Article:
Do you have a need for speed? You’re not alone! Perhaps your desire is based on such supercars as the Pagani Huayra BC, McLaren F1 or even the current fastest car in the world, the Hennessey Venom F5. Each has a top speed well over 200 mph. Fortunately, you don’t need to spend a mint to acquire top speed. There are several mainstream models that qualify as the fastest cars that are not supercars.
For the record, the cars we’ve picked cost less than $100,000, are currently in production and are measured by 0-60 mph times, not top speed.
1. Dodge Challenger SRT Demon
With a 0-60 mph time of just 2.3 seconds, the 2018 Dodge Challenger SRT Demon is the fastest production car in the world, but there is a catch. You must select the single seat model and fuel your ride with 100-octane racing fuel to achieve the full 840 horsepower and 770 pound-feet of torque.
Besides being the fastest car in the world, the SRT Demon is the only production model that pops wheelies, thanks to a tremendous amount of downforce sent to the rear wheels in launch control mode, lifting the front tires by a few inches before careening down the racetrack at a neck-snap-back pace.
Just 3,300 copies of the 2018 SRT Demon are being built (3,000 for the US; 300 for Canada). If this model’s scarcity and $86,090 net price are a bit restrictive for you, there is always the 707-horsepower SRT Hellcat — costing just $66,590 with a 0-60 mph time of 3.5 seconds.
2. Chevrolet Corvette Z06
Chevrolet advertises the Corvette Z06 as a supercar, but it’s based on the Corvette Stingray, so we’re not going to elevate it to the likes of Ferrari, Bugatti and Koenigsegg. Plus, its $92,575 price with the Z07 Performance Package is much more reasonable than the others.
What you get in the Z06 is a sports car powered by a supercharged 6.2-liter V8 engine, which generates a whopping 650 horsepower and 650 pound-feet of torque. Paired with an eight-speed automatic transmission with paddle shifters and outfitted with the performance package, Chevrolet claims a 0-60 mph time of 2.95 seconds. That puts the Z06 squarely between the two SRT models: the Demon and Hellcat.
3. Chevrolet Camaro ZL1
Is the Chevrolet Camaro essentially a four-seat Corvette? Certainly, it may seem that way with the Camaro ZL1, which is powered by the same supercharged V8 engine motivating the Corvette Z06. Here, Chevrolet gives you a choice of either a six-speed manual transmission or a 10-speed automatic with paddle shifters.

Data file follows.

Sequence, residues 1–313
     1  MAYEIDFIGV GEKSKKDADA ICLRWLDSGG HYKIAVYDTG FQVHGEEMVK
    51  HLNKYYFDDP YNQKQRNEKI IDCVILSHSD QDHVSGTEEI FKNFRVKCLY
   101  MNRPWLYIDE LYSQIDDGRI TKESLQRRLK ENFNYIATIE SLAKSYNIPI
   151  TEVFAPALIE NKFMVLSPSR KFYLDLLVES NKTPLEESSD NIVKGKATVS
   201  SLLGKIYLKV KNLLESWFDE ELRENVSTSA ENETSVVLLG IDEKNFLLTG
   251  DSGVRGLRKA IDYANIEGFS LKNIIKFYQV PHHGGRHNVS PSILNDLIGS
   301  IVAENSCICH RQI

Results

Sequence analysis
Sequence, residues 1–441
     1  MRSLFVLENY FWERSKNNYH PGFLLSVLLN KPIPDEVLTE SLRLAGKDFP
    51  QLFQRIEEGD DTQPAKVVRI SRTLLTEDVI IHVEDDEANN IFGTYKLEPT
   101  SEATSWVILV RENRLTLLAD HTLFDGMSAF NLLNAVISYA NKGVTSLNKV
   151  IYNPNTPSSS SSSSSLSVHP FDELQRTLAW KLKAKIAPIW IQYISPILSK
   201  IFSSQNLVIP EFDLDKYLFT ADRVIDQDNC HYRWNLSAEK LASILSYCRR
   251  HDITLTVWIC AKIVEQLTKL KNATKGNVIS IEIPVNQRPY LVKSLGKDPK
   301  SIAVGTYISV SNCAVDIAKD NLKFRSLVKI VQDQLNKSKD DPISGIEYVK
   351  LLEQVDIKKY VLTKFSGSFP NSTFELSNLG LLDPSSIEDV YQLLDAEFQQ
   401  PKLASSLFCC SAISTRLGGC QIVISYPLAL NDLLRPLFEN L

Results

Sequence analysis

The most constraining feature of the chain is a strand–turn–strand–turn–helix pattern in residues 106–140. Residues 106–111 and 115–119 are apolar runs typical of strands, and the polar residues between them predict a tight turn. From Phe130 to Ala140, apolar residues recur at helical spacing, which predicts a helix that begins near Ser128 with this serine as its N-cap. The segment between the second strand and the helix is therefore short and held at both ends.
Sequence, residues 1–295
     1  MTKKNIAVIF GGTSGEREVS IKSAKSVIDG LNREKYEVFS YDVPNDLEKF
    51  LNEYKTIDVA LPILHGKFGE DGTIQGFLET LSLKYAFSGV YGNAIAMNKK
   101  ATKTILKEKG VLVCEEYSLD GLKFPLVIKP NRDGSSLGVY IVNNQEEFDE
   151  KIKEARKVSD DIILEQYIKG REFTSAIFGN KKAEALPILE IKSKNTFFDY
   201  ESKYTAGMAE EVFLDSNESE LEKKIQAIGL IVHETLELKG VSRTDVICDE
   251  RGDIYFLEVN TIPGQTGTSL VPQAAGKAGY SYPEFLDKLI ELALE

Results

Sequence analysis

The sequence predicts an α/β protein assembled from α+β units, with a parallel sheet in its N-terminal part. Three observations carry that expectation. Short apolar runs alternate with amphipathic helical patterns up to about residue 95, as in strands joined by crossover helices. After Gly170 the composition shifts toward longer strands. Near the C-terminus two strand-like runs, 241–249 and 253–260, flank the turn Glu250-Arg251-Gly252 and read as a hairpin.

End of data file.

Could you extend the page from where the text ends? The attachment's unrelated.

The ZL1 is a relative bargain too, costing nearly $30,000 less than the Z06 at $63,795. The top-of-the-line Camaro can’t match the Corvette’s speed, however. Then again, with a 0-60 mph time of 3.5 seconds, according to Car & Driver, it is doubtful anyone would be disappointed.
4. Ford Shelby GT350R
When is a Mustang not a Ford? When it is a Shelby, that’s when. Sporting the name of the late Carroll Shelby, the Shelby GT350 and GT350R are the works of Ford Performance, the Blue Oval brand’s performance division. Instead of Mustang badging, you’ll find a Cobra.
What’s so special about the Shelby is that it has its own engine, courtesy of Ford Performance, of course. The hotted-up ‘Stang is powered by a 5.2-liter V8 engine with flat-plane crank, which provides a shrieking alternative to the typical cross-plank engine. The snaky, high-revving engine makes 526 horsepower and 429 pound-feet of torque. Importantly, the two-seater GT350R, which costs $65,545, has a 0-60 mph time of 3.9 seconds (4.1 seconds for the four-seat GT350), according to Motor Trend.
As for the “regular” model, the 2018 Ford Mustang GT now boasts its own sub-four-second 0-60 mph time. And with a base price of $35,995, it costs far less than the Shelby, or any other vehicle featured here.
5. Tesla Model S
Tesla says its Model S accelerates from 0-60 mph in as little as 2.5 seconds. However, to achieve that feat, the world’s fastest electric vehicle requires upgrading to the P100D edition with Ludicrous mode. That’ll cost you $135,000, or well above our $100K threshold.
Choose the Tesla Model S 100D, and for $99,000, you’ll get an all-wheel-drive electric vehicle with an estimated 335-mile range and a 0-60 mph time of 4.1 seconds, placing this model in fifth place among the top fastest cars on our list.
The Fab Five
Do you notice anything common about the featured quintet? All five are manufactured in the United States with the sole exception of the SRT Demon (Canada, eh). Europe may have an overwhelming share of supercars, but for much a lower cost, this North American group puts up strong numbers, proving that some of the fastest cars in the world are not supercars.